Today I have an interview with Charles de Lint, an award-winning Canadian sci-fi and fantasy author with many books to his name. His latest book is Under My Skin (Wildings #1), the first book in a new YA shape-shifting series.
When I start a novel I take into consideration the various settings, the characters’ interests and backgrounds. In the case of Under My Skin I had to brush up on life in Southern California as it’s been awhile since I’ve been there. The same goes for some of the research on surfing, skateboarding, gang life, etc. But my life-long interest in mythology, folk tales and fairy tales naturally infuses much of what I write without my having to research those aspects.
The trick to good research is to make it a general habit to pay attention to as many and varied sources of information as you can—whether for a book that you’re already working on, or as source material for a future story. A broad information base gives you a springboard for characters and plotlines and all sorts of things that you can then delve into when you’re beginning a story or looking for a good character. And really, if we’re not already interested in other people and cultures, why are we writing in the first place?
Writers traditionally don’t get very much input into what goes on the cover of their books. In this case, I was shown the cover design at various points in the process but all the final decisions rested with the publisher.
I can’t choose favourites—that’s like asking which of your children you like the best.
I generally like to mix it up between writing for adults and younger readers. The only thing I can say with any certainty is that, as a fulltime author, I wouldn’t want to only write one sort of story for one particular audience over the course of my career.
When it comes to length, I also like to mix it up. Short stories are fun because I can experiment with style and form—if it doesn’t work out, I’ve only lost a week or two of work. Do that with a novel and I could lose a year.
I’ve had great feedback on my short stories from my readers throughout my career, and have had 18 collections published so far so I’m pretty proud of that. But as fun as short stories are, I have to admit that I like the comfort of a novel—knowing where I’ll be for the next year, and the company I’ll be keeping. It’s great getting to know my characters over a long period of time, and it’s always hard to let them go when a novel ends. For the Wildlings series, I’ll get to hang out with these characters over the course of three books, so I’m enjoying that—except for having to put them through some very difficult situations. I spend so much time with them that they feel like my real friends.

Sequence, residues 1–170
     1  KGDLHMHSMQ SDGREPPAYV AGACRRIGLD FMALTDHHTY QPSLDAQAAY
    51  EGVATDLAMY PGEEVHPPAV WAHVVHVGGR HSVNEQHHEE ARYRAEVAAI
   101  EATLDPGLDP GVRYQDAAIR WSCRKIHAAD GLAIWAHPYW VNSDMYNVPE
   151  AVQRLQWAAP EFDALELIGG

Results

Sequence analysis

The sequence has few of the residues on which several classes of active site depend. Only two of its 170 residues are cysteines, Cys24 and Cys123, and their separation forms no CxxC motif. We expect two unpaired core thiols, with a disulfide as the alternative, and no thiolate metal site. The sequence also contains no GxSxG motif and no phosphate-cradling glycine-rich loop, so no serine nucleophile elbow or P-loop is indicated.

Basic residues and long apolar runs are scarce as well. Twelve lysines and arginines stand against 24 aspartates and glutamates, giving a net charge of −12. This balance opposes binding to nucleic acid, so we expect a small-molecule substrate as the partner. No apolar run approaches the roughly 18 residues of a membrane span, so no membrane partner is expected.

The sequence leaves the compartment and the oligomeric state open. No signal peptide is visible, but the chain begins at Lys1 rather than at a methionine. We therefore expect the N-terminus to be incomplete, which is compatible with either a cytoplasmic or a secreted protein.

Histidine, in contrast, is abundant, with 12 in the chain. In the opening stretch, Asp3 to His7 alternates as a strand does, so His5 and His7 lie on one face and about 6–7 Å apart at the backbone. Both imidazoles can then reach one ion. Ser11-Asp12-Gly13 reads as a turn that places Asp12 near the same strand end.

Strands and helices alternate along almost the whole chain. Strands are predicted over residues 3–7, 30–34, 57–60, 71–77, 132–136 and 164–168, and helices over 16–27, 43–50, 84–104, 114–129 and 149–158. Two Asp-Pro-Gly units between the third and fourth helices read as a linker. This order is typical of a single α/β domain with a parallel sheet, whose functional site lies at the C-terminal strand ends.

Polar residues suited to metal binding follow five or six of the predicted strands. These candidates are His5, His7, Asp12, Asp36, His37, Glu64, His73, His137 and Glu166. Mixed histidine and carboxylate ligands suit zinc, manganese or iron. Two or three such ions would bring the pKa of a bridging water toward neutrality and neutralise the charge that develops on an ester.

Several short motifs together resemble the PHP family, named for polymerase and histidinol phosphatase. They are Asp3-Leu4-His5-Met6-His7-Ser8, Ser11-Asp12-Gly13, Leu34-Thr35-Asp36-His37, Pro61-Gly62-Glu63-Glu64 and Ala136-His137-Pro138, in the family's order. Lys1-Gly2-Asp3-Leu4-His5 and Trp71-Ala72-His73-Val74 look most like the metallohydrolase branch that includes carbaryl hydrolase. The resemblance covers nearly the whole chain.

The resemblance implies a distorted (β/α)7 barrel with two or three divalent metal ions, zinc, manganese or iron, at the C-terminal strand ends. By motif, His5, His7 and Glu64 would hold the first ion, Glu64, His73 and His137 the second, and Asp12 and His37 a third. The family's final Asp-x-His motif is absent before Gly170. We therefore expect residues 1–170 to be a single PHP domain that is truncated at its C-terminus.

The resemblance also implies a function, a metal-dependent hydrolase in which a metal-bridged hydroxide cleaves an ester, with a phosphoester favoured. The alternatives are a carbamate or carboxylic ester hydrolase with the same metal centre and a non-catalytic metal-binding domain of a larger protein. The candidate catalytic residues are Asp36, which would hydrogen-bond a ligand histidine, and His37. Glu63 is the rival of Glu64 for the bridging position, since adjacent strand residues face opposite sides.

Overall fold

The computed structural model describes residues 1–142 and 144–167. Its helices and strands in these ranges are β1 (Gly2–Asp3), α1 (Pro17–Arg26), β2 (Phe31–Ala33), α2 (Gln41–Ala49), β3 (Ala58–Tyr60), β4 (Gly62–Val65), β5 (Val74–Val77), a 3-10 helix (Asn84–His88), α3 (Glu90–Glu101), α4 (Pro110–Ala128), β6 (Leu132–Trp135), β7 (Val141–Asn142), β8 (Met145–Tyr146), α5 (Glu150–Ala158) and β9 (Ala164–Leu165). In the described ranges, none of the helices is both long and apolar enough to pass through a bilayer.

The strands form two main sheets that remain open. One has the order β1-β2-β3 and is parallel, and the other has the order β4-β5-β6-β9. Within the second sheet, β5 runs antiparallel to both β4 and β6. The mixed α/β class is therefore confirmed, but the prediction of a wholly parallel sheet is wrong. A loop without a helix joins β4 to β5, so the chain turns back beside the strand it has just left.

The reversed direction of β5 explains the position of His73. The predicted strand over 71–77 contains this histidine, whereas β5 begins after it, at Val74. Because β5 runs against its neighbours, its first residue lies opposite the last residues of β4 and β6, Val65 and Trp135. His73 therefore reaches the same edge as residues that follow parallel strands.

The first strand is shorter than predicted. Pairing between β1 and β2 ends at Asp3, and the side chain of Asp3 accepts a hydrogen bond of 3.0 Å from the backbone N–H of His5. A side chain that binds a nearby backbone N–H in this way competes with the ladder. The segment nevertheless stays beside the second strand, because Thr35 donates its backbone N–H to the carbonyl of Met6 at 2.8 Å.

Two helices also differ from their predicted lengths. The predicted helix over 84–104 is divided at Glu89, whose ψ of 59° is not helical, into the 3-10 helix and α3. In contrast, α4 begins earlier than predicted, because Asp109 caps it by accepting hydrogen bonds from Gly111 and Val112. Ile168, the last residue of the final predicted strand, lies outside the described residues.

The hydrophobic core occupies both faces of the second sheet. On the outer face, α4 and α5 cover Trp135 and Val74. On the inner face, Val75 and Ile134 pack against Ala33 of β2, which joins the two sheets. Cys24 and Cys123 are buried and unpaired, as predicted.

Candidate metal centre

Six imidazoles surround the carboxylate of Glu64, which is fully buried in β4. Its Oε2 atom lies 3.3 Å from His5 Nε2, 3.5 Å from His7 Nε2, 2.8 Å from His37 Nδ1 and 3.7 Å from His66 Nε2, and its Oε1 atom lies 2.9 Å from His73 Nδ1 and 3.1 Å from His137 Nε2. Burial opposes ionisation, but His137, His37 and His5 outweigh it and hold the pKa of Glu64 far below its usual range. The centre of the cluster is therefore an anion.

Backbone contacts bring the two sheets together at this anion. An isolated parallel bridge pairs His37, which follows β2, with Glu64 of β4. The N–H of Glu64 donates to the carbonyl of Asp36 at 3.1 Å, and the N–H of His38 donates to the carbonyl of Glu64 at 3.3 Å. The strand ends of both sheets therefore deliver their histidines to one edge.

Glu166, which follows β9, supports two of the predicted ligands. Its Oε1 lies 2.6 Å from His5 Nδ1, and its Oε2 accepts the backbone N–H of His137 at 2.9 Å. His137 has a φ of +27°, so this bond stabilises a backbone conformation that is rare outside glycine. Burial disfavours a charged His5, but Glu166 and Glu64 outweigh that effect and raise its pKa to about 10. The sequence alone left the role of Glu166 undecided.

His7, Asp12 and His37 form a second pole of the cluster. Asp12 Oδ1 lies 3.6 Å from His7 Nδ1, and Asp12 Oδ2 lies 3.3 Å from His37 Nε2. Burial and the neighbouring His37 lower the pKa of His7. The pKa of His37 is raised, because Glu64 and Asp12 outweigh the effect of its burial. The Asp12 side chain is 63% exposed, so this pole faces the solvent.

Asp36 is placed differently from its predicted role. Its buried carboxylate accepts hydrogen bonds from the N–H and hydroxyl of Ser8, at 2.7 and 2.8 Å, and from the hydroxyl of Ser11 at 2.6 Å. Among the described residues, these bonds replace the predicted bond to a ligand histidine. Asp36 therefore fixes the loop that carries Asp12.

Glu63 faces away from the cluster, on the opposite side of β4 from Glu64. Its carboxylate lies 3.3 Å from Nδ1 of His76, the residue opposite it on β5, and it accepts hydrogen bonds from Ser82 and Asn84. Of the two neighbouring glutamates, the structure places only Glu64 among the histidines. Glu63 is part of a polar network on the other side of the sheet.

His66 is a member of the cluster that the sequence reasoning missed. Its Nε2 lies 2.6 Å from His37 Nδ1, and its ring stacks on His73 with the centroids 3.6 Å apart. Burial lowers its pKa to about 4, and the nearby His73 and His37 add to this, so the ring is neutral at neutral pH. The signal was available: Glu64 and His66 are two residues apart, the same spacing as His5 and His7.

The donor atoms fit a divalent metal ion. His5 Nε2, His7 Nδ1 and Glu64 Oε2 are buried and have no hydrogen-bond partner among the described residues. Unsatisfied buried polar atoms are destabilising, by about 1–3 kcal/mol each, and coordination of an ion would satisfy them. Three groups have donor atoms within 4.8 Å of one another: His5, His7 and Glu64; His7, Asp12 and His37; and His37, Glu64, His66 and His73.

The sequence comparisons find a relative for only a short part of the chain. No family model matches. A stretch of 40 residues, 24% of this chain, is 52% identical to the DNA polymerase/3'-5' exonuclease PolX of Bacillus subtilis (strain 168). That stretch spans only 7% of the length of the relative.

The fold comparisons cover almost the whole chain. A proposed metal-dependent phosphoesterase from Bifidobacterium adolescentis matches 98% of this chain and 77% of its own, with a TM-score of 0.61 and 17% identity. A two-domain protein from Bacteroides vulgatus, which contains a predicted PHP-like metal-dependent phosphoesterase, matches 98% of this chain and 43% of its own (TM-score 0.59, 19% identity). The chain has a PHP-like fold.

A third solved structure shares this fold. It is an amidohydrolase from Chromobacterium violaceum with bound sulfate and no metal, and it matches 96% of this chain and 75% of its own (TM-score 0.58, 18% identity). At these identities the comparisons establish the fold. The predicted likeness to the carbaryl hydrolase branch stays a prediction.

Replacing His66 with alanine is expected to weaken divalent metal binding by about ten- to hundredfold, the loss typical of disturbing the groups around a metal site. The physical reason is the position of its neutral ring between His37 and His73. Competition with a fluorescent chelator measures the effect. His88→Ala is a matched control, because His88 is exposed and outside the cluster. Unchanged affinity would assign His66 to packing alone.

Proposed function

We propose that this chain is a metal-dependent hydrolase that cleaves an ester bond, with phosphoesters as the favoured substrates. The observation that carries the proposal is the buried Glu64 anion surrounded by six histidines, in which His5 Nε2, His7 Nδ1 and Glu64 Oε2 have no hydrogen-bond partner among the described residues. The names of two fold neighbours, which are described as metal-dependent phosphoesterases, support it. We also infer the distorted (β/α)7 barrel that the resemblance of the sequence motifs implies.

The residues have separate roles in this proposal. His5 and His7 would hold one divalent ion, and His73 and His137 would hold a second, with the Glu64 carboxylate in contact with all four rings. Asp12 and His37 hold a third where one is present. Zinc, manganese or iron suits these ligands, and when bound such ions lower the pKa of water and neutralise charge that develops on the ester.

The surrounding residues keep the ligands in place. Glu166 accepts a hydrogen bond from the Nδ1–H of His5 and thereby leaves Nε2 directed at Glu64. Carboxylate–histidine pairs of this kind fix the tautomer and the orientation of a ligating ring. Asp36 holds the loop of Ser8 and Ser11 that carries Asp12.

A lot of books show up for review in my P.O. box and I try to be fair with them, especially when the author is unfamiliar. I only review the books that I like, because I’m not interested in spending my time reading something that doesn’t appeal to me. So I try a book and see how I like it. If I find myself bored—be it after a few pages, a few chapters, whatever—I set it aside and go on to the next.
Reading is subjective. What makes me stop might be my own boredom with what’s on the page, bad writing, implausible storyline, characters I don’t care about. Reviewing books keeps the awareness of what not to do foremost in my mind when working on my own fiction. Naturally, great books inspire me to push harder as I write. My first goal with any story is to write something that has me wanting to know what happens next. So long as I’m excited with how the story’s going, then it’s a success as far as I’m concerned. The real work begins in my rewrites and that’s when what I’ve learned from other books, and my own writing, helps me the most.
Under My Skin (Wildings #1) by Charles de Lint
For the past six months, something has been happening to young people in Santa Feliz. Week after week, there’s news of another teen changing shape, transforming from human to wild animal and back again. The federal government has stepped in, running public service announcements calling for affected youth to turn themselves in for “orientation and training.”
Josh Saunders has seen the news reports, but he is still unprepared when it happens to him. One minute he’s arguing with his mother’s boyfriend and the next, he is looming over the man, blood dripping from his claws—he has transformed into a mountain lion. When he switches back to his human body, he knows his life has changed forever. He has become a Wildling.
Trusting only his best friends Des and Marina with his secret, Josh tries to return to regular living. But an encounter with Elzie, another Wildling, brings him unwanted attention from the authorities. And when an accidental betrayal reveals Josh’s secret, his carefully constructed cover is ripped apart, forcing his friends to intervene. They must grudgingly put their trust in others, including other Wildlings—and, most challenging, in each other—if they ever hope to save him.